The last year has been harsher for women all around the world than it was for men. Considering the wage gap, the unpaid work around the house and childcare, and the fact that many of them work in the service industry – 2020, in its essence, was not in women’s favor, and the challenges were (and still are) countless.

However, women’s flexibility and adaptability came in handy – through utilizing the existing technological tools and identifying the emerging needs, many have channeled their abilities into regaining control over their lives, making ends meet, and often even giving back to their communities.

How has the last year affected women, and how did they manage to overcome the devastating effects of COVID-19 – and all the while, reshape entrepreneurship in ways that will impact future generations?


Lay of the Land

While science showed that COVID-19 has been affecting men more severely, women are still disproportionally affected by health emergencies, and are burdened with economic and social aspects. Over the past year, we’ve witnessed a concerning rise in domestic violence against women globally, or as the UN called it: “The Shadow Pandemic”. At the same time, there was a significant depletion in academic publications and achievements, in comparison to their male counterparts.

The global pandemic created a unique situation for women: not only did many lose their jobs, especially in service-related industries, but also, as women dominate the caregiving job categories globally (70%, according to the UNWomen), they were and are standing directly on the front lines of healthcare.

Women who lost their jobs had to come up with new ideas to thrive, financially speaking. The types of businesses on popular e-commerce platforms changed dramatically – from selling furniture and crafts to homemade food and online lessons. This shift in business thinking is very much here to stay: the pandemic is still going on, and currently, there are very minimal formal regulations on these types of businesses.

A good example for this agility comes from the UK, where reportedly, there has been a major shift in consumer behavior in the print sector, specifically in personalized stationery: if pre-pandemic the split between the genders was about 50-50, now 3 out of every 4 orders are coming from women. In other words, many women are using this opportunity for creating and launching a brand for the very first time.


Women Leadership in 2021: Breaking through the Clouds

Many articles and studies have been recognizing the significant impact that female leaders around the world have made while dealing with the pandemic.

Consequently, a new question arose: is it time for men to step down and make room for more women to lead? Arush Lal, a board vice-chair at Women Global Health (WGH) said to Medical News Story – this question is completely missing the point: “The right question is whether societies that elect women leaders are perhaps better primed, and what that says about our responsibility as populations to improve the way we work with each other and, hopefully, improve gender equity at the highest levels”.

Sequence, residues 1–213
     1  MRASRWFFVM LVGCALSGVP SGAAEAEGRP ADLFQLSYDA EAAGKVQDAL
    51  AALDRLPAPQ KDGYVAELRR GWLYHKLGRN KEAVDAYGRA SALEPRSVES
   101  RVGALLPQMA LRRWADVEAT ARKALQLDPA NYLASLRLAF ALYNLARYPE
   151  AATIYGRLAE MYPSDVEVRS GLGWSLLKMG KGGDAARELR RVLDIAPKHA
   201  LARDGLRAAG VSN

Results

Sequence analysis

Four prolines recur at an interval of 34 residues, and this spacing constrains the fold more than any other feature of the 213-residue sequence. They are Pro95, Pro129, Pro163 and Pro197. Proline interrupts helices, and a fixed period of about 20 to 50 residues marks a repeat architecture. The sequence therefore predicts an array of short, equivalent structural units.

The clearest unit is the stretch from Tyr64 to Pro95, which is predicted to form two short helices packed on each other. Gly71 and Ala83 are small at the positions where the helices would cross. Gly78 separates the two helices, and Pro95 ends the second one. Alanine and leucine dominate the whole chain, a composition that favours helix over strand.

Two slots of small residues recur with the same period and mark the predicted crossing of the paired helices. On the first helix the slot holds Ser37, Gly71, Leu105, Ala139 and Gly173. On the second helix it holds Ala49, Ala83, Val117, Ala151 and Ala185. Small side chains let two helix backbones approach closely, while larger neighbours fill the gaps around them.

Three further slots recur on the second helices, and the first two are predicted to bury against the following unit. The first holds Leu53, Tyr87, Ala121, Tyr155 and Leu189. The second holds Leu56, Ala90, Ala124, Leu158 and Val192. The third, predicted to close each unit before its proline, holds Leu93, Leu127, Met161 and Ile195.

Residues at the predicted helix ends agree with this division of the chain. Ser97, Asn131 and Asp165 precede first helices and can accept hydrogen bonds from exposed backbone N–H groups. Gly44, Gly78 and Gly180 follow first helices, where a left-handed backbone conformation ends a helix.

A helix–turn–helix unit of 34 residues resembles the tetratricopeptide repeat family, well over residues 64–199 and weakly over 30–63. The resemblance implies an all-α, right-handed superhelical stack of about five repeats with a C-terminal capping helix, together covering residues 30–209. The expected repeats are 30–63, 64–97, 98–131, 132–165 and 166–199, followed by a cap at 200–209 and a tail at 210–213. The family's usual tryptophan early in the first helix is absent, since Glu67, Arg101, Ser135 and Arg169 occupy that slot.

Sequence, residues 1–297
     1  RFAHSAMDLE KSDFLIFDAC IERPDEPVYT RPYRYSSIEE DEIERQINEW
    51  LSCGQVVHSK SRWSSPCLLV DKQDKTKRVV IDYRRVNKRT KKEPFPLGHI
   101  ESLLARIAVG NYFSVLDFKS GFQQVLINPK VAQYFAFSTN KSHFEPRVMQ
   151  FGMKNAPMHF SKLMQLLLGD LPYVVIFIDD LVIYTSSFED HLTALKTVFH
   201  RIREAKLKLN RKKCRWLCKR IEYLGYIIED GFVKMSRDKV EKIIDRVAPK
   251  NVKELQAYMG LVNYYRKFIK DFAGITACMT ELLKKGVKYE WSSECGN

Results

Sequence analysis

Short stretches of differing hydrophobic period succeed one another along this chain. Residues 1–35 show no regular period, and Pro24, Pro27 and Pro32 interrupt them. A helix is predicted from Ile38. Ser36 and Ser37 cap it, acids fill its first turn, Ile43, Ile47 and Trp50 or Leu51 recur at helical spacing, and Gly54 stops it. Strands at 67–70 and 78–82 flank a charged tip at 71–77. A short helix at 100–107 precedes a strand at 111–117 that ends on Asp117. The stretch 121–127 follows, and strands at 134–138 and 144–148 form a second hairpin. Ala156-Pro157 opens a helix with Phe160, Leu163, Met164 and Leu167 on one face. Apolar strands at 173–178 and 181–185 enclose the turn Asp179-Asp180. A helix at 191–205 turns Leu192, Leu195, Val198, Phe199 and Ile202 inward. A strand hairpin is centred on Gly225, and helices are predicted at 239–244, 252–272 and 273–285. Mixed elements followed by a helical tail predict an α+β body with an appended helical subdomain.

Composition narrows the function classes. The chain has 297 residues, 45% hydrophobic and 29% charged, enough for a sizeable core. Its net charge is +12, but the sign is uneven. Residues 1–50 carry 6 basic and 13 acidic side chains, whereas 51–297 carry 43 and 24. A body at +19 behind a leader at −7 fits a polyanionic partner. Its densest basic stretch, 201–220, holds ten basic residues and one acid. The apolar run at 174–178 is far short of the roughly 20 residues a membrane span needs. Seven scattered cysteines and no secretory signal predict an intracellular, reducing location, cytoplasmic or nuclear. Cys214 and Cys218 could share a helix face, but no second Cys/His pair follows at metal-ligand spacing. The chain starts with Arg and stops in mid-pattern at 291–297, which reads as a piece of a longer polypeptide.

Irene Torres, Ph.D., a health promotion researcher who’s focusing on gender and public health in COVID-19, told the same publication: “Women are not automatically gender-inclusive advocates, nor are men inevitably gender-exclusive. We cannot only focus on whether women are better or should be better than men. Instead, we should focus on who is making these decisions and why”.

Perhaps the question that should be asked is: “Will we actually see more women trying and getting to positions of power?”. The answer to this question might as well be “yes”, leadership is gender-dependent, and more societies are becoming open to this idea – but in women’s case, the support of their communities is key.


The Future of Women in the Workplace and in  Entrepreneurship

So how would the world look like for women in the job market after the global health crisis is finally behind us?

The future is seemingly very bright for women and young girls, now that remote work is more popular than ever. With predictions that the global economy will get back to its normal growth by the end of this year, we should be able to see a surge in hiring – fueled with a new perspective. The former prime minister of Australia, Julia Gillard, told the New York Times that we should expect a global “war” on the best talent: “Both male and female talent will be attracted to the most agile and fair workplaces. I’m not just talking about attracting the talent that lives near enough to the office to commute when necessary”.

Besides an increase in location-independent opportunities, it’s likely that more women will now pursue positions and fields which they were insecure about exploring before – thanks to using their time at home for self-development and improvement. Mariya Gabriel, a Bulgarian politician who’s serving as the European commissioner for innovation, research, culture, education and youth, told the Times: “I think actually more girls will be more confident in their digital competencies and skills and their desire to have a career in the field of science and technology”.

In terms of entrepreneurship, the future is also promising, although not without obstacles. In 2019, women of color accounted for 89% of the new businesses opened in the U.S. – so although the numbers may be hindered in 2020, women-led startups are here and making great progress in multiple areas.


2020 taught us that women now dream bigger and want better, and allow themselves to dare more – despite and even because of the challenges. In the next and final episode of this series, we will examine the remaining issues and what is being done to overcome them.